Sleeping with the Enemy

James’s cockiness initially proves appealing for Simon, and he becomes a masculinity coach for Simon, teaching him how to pick up women and taking him out on the town. The audience may feel drawn to James during these scenes, adopting what Laura Mulvey called a narcissistic “male gaze” as we view James as a “screen surrogate” who realizes our fantasies (and Simon’s fantasies!) of masculine omnipotence.[9] However, the parody becomes obvious again in a stylized montage sequence of the two men frolicking through the streets and even getting into a pillow fight. Here Ayoade targets the 1970s “buddy film” or the more recent “bromance” in which homosocial bonding and intimacy is central to the development of two central male characters, but where homosexuality is precluded as a possibility. As Michael DeAngelis notes, the two men in a Hollywood bromance must explicitly deny any romantic or sexual interest in one another.[10] As if on cue, James asks Simon “You a flamer?” to which he gives a resigned but definitive “No.” Yet there is another hint of gay romance soon afterwards, as Simon puts James to bed and lets his gaze rest on him, before caressing James’s face.

This bedtime scene builds on a passage in Dostoevsky’s novella with its own homosexual subtext. When Golyadkin Jr. returns to Golyadkin Sr.’s home, the two men drink together, exchange confidences, and express affection for one another. Golyadkin Jr. even composes a quatrain of verse for his host, leaving him “completely and deeply moved” (66) and teary-eyed. Yet just as Ayoade is parodying the cinema’s treatment of masculinity in the buddy and bromance films, so Dostoevsky is poking fun here at the contrived nature of the sentimental masculinities of his day. While Dostoevsky’s text says nothing explicitly about desire between the two men, critics such as Lawrence Kohlberg have identified elements of homosexual desire in the text.[11] Significantly, this moment of nocturnal intimacy promises a temporary respite from the usual regulated forms of masculinity that govern relations between men. Yet all too soon, Golyadkin Sr.’s vague fear surfaces that his familiarity has somehow overstepped the mark (“haven’t I gone too far?”, 68). This comment, along with his order to his servant Petrushka (“don’t think anything…”, 68), may suggest he fears his homosocial desire for Golyadkin Jr. is becoming homosexual in nature. [12]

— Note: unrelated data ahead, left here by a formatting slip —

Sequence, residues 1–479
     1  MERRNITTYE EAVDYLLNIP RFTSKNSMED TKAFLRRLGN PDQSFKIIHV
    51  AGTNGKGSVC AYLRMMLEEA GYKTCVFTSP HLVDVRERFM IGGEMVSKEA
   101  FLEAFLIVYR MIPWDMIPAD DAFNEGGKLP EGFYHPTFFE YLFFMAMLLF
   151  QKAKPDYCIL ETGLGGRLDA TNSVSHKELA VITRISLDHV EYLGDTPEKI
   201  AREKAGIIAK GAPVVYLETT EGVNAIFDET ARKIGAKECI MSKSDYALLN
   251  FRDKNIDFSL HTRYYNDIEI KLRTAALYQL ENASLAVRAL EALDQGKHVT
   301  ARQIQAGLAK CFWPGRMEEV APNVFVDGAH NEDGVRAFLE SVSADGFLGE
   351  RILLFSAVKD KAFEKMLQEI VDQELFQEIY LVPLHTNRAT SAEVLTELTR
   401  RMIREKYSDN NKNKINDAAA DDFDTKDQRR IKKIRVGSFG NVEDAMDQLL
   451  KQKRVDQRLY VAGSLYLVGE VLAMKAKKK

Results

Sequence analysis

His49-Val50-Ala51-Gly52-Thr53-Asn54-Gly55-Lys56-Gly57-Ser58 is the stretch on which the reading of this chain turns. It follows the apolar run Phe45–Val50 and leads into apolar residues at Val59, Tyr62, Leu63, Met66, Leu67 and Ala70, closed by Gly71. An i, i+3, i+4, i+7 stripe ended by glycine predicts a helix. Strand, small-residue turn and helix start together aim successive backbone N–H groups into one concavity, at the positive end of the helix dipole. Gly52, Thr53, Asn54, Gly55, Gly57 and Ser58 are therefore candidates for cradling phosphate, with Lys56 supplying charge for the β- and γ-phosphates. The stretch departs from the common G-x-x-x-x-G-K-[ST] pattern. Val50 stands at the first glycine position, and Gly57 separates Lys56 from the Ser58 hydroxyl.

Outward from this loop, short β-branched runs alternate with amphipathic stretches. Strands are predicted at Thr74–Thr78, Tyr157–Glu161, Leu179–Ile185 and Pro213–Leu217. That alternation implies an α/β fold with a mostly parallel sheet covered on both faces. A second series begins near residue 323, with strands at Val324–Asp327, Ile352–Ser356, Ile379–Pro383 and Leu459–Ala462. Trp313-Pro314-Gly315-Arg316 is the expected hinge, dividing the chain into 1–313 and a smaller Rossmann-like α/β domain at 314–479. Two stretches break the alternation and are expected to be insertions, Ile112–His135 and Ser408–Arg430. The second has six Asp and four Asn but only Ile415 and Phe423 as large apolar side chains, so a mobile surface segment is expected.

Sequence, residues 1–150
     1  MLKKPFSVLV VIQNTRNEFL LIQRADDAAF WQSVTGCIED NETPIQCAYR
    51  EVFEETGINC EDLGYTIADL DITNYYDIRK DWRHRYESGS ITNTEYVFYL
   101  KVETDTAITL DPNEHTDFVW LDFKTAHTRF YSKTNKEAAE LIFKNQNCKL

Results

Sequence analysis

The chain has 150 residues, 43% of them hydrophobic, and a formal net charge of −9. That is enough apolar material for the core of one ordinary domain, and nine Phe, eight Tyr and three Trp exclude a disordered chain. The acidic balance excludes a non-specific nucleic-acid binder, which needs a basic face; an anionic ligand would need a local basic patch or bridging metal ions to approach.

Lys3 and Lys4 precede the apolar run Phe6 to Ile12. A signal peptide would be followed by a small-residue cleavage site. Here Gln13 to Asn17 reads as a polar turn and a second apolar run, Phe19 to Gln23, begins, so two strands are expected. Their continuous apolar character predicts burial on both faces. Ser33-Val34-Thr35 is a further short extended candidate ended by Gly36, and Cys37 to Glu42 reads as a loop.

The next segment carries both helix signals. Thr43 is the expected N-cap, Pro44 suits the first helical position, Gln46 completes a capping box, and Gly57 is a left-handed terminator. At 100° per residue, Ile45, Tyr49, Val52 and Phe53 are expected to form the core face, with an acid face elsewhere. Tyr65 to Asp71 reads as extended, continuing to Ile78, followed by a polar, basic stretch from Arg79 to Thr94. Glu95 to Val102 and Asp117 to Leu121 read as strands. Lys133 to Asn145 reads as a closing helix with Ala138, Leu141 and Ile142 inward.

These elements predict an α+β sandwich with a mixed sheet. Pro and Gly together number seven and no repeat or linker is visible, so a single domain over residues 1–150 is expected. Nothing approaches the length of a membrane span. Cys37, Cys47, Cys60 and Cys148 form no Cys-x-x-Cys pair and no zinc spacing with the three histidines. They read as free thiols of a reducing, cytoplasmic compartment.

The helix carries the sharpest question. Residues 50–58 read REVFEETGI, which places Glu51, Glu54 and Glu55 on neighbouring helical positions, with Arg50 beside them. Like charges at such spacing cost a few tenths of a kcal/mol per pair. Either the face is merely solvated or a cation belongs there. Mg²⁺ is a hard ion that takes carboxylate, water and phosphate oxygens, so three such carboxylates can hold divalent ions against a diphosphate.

Film scholar Catherine Wheatley has suggested that “the great love story of book and film” is between the hero and his double, and the tragedy derives from its failure.[13] The intimacy that unites the two Golyadkins on that November evening cannot last, and the next morning they return to jostling for position in the masculine hierarchy. Golyadkin Jr. eventually besmirches the honor of Golyadkin’s Sr.’s by spreading rumours about a liaison with Karolina Ivanovna. This final insult to his masculinity determines Golyadkin’s Sr.’s fall from grace, as he loses both his position at work and his sanity. Ayoade’s film reproduces the idea of sullying one’s reputation, but with a twist suitable for the twenty-first century. James blackmails Simon by taking pictures of himself having sexual intercourse with Melanie, his line manager’s teenage daughter and reveals them in the office as pictures of Simon inappropriately behaving with Melanie.

In the novella, Golyadkin Sr.’s attempts to protect his honor against the machinations of his double by writing a series of letters. First he writes to his double, a letter that falls into the hands of Provincial Secretary Vakhrameyev, who sends his own frosty reply. Golyadkin Sr. then pens a missive defending himself to Vakhrameyev. This epistolary section of the novella makes amusing reading, as the men insult each other’s masculinity while attempting to maintain their own dignity by sticking as closely as possible to the language of polite society. Thus Golyadkin Sr, protests to his double: “I cannot help but manifest all my indignation at the memory of your blatant infringement, dear sir, to the detriment of my honour” (89).